wife Deb, and Pat's Daughter's boyfriend Mike, are literally picked up
two feet off the ground, Captain Pat decided it was time to abandon
ship. Everyone fled to the refuge of the house.
Now back at the car, I had finally managed to stop laughing. I informed
Alf that I was going to go back to the house and suggested he get
dressed and join us. By the time I walk to the house, the whole scenario
is replaying in my head. I'm cracking up all over again! I get into the
house, and not realizing the frightening experience the rest have been
through, I manage to choke out my story. We were pretty much all
laughing hysterically by this time. Poor Alf had enough! He said his
goodbyes and made a hasty retreat back to Saskatoon.
We went back out to the tent when the wind died down a little. I walked
around and picked up a panel Del had made me, “Holden, Holdfast, Hold
one that he had made that said “Power Out!” The table of One Shot
paints had been thrown over and the grass was strewn with brilliant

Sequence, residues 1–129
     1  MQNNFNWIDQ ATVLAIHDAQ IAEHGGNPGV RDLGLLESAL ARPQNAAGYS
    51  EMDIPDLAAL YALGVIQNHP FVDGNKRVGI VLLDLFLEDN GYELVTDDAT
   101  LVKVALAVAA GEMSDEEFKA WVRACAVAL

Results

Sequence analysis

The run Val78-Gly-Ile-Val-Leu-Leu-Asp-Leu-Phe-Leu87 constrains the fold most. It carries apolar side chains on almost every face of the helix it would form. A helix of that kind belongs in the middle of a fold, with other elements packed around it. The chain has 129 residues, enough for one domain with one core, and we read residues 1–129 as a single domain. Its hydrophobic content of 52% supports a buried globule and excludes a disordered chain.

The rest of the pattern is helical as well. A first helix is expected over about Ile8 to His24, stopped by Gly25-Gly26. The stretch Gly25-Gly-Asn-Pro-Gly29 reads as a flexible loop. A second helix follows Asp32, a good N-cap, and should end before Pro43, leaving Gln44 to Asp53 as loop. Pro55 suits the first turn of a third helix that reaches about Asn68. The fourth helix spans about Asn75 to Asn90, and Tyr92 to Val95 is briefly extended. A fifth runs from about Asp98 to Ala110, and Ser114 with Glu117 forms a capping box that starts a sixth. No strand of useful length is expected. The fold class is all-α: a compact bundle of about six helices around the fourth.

patches of One Shot (“Paint the Prairie”). Sign kits were dumped out,
tent posts were laying around, and stuff was everywhere. There was a
surreal feeling to it when we realized how fortunate we were that no one
had been hurt.
The table with the portfolios on was just like it had been left. In
fact, the torn
halves of the playing cards that had been used for the door prize draws,
were still laying in pairs on the table, yet the food table beside it
and an easel had been thrown out of the tent and the upturned One Shot
paint table was a few feet to the other side. That still completely
blows my mind!
All of a sudden another gust of wind and Del gets konked on the head